City of Springfield v. Goff

918 S.W.2d 786 (1996)

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City of Springfield v. Goff

Missouri Supreme Court
918 S.W.2d 786 (1996)

Facts

Section 89.060 of the Missouri Revised Statutes provided that a proposed zoning change could be defeated if (1) at least 30 percent of the landowners affected by the zoning change filed a petition protesting the change and (2) less than two-thirds of the municipality’s legislative body voted in favor of the change. The City of Springfield, Missouri (Springfield) (plaintiff) adopted a charter provision allowing 10 percent of the landowners affected by a proposed zoning change to sign a protest petition that could only be overridden by a vote of three-quarters of the members of the Springfield city council. Lon Goff (defendant) and Debora Goff (defendant) applied for a zoning change to allow them to build a small motel on a site that had previously been zoned for a car wash or self-storage units. A petition protesting the zoning change was filed. The petition was signed by more than 10 percent but fewer than 30 percent of the affected landowners. Sixty-two percent of the Springfield city council voted in favor of the change. Because the zoning change was not approved by a three-quarters majority as required by the charter provision, the city council declared the Goffs’ request defeated. Springfield filed a declaratory-judgment action against the Goffs, requesting that the trial court declare the charter provision valid. The trial court determined that the charter provision conflicted with state statute and was thus invalid. Springfield appealed to the Missouri Supreme Court.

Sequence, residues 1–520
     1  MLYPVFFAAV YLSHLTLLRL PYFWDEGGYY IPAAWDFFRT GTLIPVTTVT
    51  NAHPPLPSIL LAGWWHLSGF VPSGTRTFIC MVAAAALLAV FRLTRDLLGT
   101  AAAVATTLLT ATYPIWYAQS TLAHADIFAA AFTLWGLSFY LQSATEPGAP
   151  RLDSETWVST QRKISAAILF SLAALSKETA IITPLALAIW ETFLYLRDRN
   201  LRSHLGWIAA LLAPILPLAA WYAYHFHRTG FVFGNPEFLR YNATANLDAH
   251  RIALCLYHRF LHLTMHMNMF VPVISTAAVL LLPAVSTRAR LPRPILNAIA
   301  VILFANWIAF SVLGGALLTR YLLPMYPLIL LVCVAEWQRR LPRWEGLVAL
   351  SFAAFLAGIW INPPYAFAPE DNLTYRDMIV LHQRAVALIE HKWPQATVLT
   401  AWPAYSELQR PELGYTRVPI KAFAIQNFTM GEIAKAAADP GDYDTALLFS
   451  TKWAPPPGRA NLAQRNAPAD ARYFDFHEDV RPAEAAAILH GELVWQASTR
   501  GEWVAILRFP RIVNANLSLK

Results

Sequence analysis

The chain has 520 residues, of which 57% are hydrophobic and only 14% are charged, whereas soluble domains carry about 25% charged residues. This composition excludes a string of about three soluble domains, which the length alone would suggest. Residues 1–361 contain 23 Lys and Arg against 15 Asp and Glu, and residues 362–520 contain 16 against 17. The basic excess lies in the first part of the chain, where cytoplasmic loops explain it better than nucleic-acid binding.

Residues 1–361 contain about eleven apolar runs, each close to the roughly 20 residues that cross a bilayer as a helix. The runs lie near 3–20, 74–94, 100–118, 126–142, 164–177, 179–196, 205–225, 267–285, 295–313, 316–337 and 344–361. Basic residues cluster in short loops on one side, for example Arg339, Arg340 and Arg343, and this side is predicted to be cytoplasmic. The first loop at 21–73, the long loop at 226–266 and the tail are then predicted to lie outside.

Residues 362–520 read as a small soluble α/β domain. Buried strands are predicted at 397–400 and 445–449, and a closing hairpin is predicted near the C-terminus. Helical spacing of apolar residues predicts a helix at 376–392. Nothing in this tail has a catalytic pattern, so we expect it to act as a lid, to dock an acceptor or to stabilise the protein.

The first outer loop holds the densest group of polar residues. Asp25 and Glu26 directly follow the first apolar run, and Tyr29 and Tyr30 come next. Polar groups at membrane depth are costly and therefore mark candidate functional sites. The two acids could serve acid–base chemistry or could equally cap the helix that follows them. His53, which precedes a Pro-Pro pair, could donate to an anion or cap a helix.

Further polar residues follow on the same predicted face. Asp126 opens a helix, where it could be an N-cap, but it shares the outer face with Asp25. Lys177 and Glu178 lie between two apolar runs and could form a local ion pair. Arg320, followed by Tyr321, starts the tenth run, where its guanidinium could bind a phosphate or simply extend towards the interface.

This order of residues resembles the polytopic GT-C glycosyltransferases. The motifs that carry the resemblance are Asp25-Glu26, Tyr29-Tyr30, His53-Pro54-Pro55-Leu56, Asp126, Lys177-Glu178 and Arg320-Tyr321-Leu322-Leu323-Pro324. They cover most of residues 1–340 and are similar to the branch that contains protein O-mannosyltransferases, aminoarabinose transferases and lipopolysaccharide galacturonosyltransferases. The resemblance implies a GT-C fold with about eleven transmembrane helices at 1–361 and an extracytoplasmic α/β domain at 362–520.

Rule of Law

Issue

Holding and Reasoning (Robertson, J.)

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